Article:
A couple of weeks ago, when I opened the London Sunday Times, I thought: the situation in Syria must be getting serious. Marie Colvin’s there.
Colvin, an American war correspondent for the Sunday Times, was an incredibly gutsy journalist and an unmissable writer: vivid, tart, and unflinching. Anybody who read her work, or saw her on CNN in the last decade, recognized her as the reporter with the eye patch. As the AP explains:
She lost the sight in one eye during an ambush in Sri Lanka in 2001 — but promised not to “hang up my flak jacket,” and kept reporting on the world’s most troubled places.
“So, was I stupid? Stupid I would feel writing a column about the dinner party I went to last night,” she wrote in the Sunday Times after the attack. “Equally, I’d rather be in that middle ground between a desk job and getting shot, no offense to desk jobs.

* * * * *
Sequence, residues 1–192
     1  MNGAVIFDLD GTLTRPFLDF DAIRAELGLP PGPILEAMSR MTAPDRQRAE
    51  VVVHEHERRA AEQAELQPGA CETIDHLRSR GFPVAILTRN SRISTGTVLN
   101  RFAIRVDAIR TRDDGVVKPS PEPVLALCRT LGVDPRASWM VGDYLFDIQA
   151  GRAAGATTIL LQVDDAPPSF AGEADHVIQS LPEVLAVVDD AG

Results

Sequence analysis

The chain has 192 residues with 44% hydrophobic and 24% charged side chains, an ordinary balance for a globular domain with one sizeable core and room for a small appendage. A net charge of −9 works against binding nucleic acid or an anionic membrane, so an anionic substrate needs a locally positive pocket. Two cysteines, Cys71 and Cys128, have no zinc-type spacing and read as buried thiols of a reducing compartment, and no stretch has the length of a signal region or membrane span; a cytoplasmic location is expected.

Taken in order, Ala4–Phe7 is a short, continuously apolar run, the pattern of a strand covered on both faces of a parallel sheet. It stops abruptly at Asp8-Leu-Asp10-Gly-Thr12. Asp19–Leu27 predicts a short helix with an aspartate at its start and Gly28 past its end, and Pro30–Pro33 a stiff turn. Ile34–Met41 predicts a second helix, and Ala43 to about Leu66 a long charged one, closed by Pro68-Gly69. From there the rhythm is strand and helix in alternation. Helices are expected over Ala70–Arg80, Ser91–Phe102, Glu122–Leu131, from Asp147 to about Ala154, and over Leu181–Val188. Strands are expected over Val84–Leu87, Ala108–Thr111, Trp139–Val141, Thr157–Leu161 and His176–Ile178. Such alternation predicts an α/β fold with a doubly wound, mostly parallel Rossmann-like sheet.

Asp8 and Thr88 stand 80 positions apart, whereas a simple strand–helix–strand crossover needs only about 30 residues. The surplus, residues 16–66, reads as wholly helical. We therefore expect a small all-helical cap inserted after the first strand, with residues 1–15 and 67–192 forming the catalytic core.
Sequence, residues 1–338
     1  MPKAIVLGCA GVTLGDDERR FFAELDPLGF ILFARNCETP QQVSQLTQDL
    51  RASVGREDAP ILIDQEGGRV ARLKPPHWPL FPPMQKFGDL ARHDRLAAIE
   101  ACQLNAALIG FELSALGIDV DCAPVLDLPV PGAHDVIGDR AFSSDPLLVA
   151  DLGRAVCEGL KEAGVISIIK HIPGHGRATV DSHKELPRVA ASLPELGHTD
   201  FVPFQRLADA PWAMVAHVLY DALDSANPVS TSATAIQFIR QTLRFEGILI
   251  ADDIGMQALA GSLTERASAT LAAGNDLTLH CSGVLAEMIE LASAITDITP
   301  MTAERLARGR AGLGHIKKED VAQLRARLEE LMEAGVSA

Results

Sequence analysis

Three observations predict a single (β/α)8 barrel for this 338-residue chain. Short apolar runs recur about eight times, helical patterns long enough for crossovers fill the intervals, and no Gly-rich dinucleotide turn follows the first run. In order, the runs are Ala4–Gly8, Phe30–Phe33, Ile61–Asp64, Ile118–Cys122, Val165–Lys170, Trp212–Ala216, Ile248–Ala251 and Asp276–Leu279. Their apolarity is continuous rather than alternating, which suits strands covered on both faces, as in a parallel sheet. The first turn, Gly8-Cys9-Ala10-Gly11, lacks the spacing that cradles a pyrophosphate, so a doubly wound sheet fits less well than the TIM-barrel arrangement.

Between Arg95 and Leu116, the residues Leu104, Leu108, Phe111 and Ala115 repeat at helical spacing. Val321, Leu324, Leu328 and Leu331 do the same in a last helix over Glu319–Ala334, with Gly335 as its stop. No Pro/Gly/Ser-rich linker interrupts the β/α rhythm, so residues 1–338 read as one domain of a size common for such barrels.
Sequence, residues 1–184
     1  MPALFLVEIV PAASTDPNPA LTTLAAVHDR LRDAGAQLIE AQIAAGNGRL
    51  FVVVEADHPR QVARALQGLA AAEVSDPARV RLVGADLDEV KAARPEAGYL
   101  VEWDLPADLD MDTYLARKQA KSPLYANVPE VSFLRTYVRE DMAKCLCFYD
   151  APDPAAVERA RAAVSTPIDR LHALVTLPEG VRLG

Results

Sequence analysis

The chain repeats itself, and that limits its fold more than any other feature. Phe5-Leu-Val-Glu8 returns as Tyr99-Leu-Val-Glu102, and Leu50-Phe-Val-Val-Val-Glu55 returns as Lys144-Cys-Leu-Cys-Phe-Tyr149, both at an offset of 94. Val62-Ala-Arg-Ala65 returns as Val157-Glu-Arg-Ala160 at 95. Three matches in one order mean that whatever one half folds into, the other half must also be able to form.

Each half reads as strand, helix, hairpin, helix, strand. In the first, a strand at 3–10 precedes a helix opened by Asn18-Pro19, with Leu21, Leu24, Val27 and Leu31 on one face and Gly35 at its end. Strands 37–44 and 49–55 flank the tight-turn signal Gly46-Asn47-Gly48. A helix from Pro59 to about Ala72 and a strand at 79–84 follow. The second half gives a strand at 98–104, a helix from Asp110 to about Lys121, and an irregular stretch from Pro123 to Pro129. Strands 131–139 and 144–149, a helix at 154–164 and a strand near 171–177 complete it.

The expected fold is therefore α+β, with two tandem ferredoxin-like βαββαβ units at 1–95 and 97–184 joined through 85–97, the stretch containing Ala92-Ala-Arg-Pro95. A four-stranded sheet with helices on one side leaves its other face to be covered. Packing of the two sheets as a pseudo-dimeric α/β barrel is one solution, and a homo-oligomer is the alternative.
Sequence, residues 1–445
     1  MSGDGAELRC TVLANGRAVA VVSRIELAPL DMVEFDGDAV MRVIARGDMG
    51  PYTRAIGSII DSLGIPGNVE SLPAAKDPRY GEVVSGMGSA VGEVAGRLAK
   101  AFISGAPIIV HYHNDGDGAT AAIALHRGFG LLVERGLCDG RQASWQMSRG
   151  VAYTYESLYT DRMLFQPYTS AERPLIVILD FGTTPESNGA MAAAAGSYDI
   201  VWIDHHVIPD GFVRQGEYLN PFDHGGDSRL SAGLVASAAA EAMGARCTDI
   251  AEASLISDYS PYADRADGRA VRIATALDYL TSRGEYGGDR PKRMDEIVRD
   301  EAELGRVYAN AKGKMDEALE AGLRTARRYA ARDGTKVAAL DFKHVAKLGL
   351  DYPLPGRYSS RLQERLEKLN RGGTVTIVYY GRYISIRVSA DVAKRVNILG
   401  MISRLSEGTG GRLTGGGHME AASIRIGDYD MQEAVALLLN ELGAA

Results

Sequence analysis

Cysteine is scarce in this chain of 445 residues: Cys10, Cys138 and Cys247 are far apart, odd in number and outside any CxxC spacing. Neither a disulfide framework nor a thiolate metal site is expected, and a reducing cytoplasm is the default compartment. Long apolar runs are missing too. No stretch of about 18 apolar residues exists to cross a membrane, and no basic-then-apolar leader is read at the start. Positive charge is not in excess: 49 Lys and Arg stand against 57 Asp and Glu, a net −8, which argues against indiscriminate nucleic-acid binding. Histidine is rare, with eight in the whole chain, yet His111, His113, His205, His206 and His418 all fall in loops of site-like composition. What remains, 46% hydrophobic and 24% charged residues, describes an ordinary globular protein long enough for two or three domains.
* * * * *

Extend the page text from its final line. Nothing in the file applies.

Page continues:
“For my part, the next war I cover, I’ll be more awed than ever by the quiet bravery of civilians who endure far more than I ever will. They must stay where they are; I can come home to London.”
Now she’ll be coming home for good. She was killed this morning in Homs, along with photojournalist Remi Orchlik. It’s crushing news.
Many tributes are calling her fearless. But I think she was something even braver than that: undaunted. She had been wounded under fire and nevertheless went back to the work. That’s courage.
As a writer of fiction, sometimes I think publishing is a tough business. Then I think of Marie Colvin and remember what real toughness is. If you pray, say one for her, and for all the other reporters risking themselves to tell the truth to the world.
Rest in peace.